(Rich Galen, Mullings.com)– Fred Thompson died over the weekend.
You’ve read the obits and know about his rural Tennessee roots, his work as the chief Republican lawyer on the Watergate Committee, his service as a U.S. Senator and, of course, as Arthur Branch, the fictional district attorney of New York on the TV show Law & Order.
I didn’t know Fred for most of his life. Like most of us, I knew of Fred. But, it was during the brief time of his campaign for President in the 2008 cycle.
I came to the Thompson campaign through long-time friend Mary Matalin who assured me I only needed to spend a few hours a week at the campaign headquarters in McLean, Virginia.
Of course, that quickly advanced to being at the HQ most of every day, and then to getting on the bus for the trips through Iowa, New Hampshire, and South Carolina.
It was on the bus that I got to know Fred.
I knew him as a very funny, very kind, very smart man. He was also very proud of his small-town roots and his Conservative positions.
He was also a remarkably private man for someone who had spent his life in the bright lights of politics and show business. He didn’t go in much for chit chat. He often ate his meals alone. When the schedule said he was done for the day; he was.
But, when it came to meeting with people, with doing the hand shaking and the picture taking, he lit up and made every person feel as if the trip to see “Arthur Branch” was worth it.
Speaking of Arthur Branch, I had never seen him in a Law & Order episode prior to my going to work for him.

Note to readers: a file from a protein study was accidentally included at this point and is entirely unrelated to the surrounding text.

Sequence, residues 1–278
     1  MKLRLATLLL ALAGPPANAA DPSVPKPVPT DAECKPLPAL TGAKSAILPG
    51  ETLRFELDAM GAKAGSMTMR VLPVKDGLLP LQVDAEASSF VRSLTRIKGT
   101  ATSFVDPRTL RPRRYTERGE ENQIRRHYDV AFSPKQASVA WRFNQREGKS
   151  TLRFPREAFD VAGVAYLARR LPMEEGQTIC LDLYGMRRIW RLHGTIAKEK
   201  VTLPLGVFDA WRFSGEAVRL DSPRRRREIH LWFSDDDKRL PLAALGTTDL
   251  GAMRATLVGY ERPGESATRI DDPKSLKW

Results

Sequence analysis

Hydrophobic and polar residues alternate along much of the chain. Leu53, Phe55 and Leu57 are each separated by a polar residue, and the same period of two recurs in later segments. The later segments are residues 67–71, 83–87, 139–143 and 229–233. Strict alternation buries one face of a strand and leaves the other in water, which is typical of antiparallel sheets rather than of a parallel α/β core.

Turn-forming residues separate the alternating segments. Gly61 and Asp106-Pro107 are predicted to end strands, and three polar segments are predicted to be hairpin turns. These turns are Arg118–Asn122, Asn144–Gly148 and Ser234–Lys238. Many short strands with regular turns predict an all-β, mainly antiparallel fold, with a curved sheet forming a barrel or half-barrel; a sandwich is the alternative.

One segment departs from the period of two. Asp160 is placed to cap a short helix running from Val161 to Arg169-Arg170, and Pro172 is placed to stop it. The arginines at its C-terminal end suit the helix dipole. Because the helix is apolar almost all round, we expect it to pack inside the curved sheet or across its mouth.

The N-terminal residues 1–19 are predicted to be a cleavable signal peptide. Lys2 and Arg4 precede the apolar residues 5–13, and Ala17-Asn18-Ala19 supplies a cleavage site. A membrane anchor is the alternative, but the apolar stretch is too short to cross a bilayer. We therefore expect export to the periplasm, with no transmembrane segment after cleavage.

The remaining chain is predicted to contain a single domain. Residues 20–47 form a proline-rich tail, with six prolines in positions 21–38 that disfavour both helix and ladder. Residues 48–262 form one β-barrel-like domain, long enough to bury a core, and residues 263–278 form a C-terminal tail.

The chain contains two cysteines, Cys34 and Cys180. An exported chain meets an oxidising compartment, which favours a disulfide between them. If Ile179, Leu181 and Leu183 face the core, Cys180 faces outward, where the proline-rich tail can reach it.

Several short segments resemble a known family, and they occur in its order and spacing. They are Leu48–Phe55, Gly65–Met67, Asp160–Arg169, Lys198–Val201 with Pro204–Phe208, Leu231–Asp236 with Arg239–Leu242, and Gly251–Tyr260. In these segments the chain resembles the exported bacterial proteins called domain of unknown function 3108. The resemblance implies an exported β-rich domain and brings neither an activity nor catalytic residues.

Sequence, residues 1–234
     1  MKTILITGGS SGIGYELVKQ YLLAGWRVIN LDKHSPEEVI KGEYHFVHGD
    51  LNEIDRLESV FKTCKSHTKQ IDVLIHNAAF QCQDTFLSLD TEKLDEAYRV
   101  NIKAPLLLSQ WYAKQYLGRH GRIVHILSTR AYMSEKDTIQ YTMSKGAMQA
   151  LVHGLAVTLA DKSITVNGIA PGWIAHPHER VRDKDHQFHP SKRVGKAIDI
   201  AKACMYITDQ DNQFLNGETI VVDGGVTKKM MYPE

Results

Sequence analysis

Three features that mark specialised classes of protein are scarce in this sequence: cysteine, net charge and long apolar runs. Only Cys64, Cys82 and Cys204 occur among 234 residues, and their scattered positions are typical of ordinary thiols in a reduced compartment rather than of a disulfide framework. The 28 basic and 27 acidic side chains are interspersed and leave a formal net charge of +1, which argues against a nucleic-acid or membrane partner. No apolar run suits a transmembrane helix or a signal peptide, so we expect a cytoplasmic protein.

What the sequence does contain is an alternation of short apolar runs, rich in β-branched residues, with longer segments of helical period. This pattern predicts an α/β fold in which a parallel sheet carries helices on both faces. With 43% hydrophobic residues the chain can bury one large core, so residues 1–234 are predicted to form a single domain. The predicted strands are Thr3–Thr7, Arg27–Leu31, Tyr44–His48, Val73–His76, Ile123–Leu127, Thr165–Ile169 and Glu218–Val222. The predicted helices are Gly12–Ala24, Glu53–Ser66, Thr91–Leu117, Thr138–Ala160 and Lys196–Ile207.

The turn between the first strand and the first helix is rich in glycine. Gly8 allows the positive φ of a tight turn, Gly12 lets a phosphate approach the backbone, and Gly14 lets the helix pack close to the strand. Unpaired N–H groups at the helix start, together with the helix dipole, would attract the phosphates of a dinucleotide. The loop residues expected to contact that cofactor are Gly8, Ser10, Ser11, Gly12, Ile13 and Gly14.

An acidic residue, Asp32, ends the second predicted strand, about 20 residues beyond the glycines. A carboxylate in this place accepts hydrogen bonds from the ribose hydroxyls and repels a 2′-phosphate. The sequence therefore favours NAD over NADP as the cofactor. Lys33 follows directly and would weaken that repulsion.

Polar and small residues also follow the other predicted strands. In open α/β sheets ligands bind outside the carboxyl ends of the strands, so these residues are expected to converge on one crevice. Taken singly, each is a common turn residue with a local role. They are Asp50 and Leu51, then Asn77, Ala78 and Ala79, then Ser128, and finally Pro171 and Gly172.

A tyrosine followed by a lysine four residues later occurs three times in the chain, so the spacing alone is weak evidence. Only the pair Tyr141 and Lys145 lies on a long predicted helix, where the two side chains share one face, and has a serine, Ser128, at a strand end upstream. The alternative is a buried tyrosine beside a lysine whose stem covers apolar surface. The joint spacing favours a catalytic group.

One night, in some town on the trail, I happened to come across a rerun. Lo and behold, there was Fred.
It was an episode in which Fred, as Branch, was complaining that he had been mentioned in a U.S. Supreme Court decision, but only as a footnote, not in the main body of the decision.
The next morning, I told Fred I had seen him and he said that had been the very first episode he had ever been in. He told me that he realized that, because he was a Republican (in the show as in real life) the Hollywood writers wanted to present him as a buffoon.
When he finished shooting the scene, he said, he told the producers he wouldn’t play that role and if they wanted him they had to show him making the kinds of close calls and difficult decisions that the DA’s office often had to deal with.
One day, sitting in the back of the tour bus that we used for 18 hours a day, he asked, “Rich? Do you agree with anything I say?”
I said I agreed with him on the 2nd and 10th Amendments. “The rest of it, not so much.”
If anything, that strengthened our relationship. Underneath it all he was still a lawyer and enjoyed the back-and-forth of those kinds of discussions.
Fred took debate prep very seriously. We spent hours trying to figure out what questions the moderators would ask, and what zingers the other candidates might sling. We would pepper Fred with questions and go over his answers until he was satisfied with his mastery of the material.
I don’t believe he was ever flummoxed in the course of a debate. At an MSNBC debate – which I believe was the first one in which he participated – Chris Matthews asked Fred if he knew who the Prime Minister of Canada was.
He did. “Stephen Harper,” he answered. I noticed a slight grimace when the discussion moved on. Later, I asked him what that was about.
“I wish,” he said, “I would have said ‘let’s have everyone write down on a piece of paper the name of the Prime Minister.'”
Later in the campaign there was a debate in Des Moines. This was the cycle when someone came up with the “let’s see by a show of hands” questions.
That irked Fred, who thought it was a cheap way for both sides to get a question asked and answered.
At this debate the moderator asked at one point, “Let’s see by a show of hands” and as the other seven or eight hands started going up, Fred leaned into his microphone and said in his full voice, “Ain’t gonna be no hand raisin’ here today,” to the delight of the audience.
The other seven or eight hands that were halfway up, quickly came down.
Fred Thompson was a talented man. A good man. We will miss him.
Mr. Galen is a veteran political strategist and communications consultant. He blogs at www.Mullings.com.